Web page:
Community

To the right, the Center for Wooden Boats and to the left, the future home of the Museum of History and Industry

When it is sunny and it reaches the mid 70s in Seattle in late September, one definitely takes advantage of it. A new park opened in Seattle (The South Lake Union Park) and looking around, I saw community in action.

Yesterday, our school hosted a Carnival for the children of the school and nearby community. That too was a fantastic example of community, probably my best since I started here.

This week, the second graders embark on a look at community. We define it simply: A place where people work, live, play, and solve problems. We then go on to learn about urban, suburban, and rural communities. We look at our classroom and school as a community, local communities such as the Pike Place Market, and communities of the past around the world and at home, keeping the definition that it is a place where people live, work, play, and solve problems.

The park has many fun water features for kids (and big kids too)

Walking to the park today was definitely a form of play (and really good for the brain). Looking around I saw people working (there was a farmers’ market set up), and the city solved a problem of making Lake Union more accessible to its people. They also not only had garbage bins, but recycle and compost ones as well. It was great to see parents teaching their kids about the difference and showing them where to put everything. It’s not the easiest thing, but it’s the effort that counts. Surrounded mostly by moorage, chain restaurants, and house boats (like in Sleepless in Seattle), it’s great that the water has become more accessible to those who live near and far alike.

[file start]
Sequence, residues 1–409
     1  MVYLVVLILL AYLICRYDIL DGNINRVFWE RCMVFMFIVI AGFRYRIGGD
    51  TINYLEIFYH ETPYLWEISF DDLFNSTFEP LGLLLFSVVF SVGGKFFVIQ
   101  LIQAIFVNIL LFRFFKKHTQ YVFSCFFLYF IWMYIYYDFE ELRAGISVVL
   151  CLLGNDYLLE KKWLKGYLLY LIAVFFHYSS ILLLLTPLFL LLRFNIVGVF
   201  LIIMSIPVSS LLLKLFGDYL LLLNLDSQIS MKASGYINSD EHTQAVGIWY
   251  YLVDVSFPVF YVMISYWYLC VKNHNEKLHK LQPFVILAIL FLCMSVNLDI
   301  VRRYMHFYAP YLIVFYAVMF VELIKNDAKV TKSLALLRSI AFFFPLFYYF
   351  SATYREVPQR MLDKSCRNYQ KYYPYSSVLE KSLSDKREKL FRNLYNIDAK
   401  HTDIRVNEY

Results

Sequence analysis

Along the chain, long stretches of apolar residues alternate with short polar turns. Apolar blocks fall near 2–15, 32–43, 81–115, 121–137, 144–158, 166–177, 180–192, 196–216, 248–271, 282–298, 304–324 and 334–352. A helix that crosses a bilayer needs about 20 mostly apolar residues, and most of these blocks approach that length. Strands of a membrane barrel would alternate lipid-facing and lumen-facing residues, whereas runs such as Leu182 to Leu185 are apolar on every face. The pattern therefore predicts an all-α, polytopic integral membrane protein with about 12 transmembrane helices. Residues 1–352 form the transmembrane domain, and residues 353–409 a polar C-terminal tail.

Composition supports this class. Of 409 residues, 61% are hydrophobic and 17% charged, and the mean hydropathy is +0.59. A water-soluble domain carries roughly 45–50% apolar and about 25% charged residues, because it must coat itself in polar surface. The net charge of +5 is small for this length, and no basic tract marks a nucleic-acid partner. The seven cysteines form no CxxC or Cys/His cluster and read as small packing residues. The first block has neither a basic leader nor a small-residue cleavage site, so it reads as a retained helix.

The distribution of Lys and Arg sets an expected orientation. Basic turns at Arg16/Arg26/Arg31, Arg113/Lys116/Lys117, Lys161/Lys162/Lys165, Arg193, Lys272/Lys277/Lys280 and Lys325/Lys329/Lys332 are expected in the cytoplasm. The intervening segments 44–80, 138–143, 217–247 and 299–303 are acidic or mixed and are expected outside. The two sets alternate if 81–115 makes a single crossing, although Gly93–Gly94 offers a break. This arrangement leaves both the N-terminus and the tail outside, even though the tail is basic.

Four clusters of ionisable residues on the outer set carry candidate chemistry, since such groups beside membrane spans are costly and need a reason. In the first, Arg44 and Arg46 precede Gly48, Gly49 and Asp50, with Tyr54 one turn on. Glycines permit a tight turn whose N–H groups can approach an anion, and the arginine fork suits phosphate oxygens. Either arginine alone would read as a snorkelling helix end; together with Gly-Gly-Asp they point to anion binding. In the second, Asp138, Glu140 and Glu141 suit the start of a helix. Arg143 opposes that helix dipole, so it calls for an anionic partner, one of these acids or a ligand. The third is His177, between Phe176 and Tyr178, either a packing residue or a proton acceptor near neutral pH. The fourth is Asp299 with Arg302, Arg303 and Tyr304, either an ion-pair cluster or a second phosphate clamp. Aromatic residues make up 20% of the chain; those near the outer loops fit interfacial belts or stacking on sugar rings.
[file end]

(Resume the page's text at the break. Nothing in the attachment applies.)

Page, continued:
This small but great beach opens up the lake to many.

Even the wildlife like the new park!

Notice the compost bin (they were everywhere).

Enjoying the water like this in late September is rare here.

It reminds me that I need to start exploring my school’s neighborhood and its many amenities.

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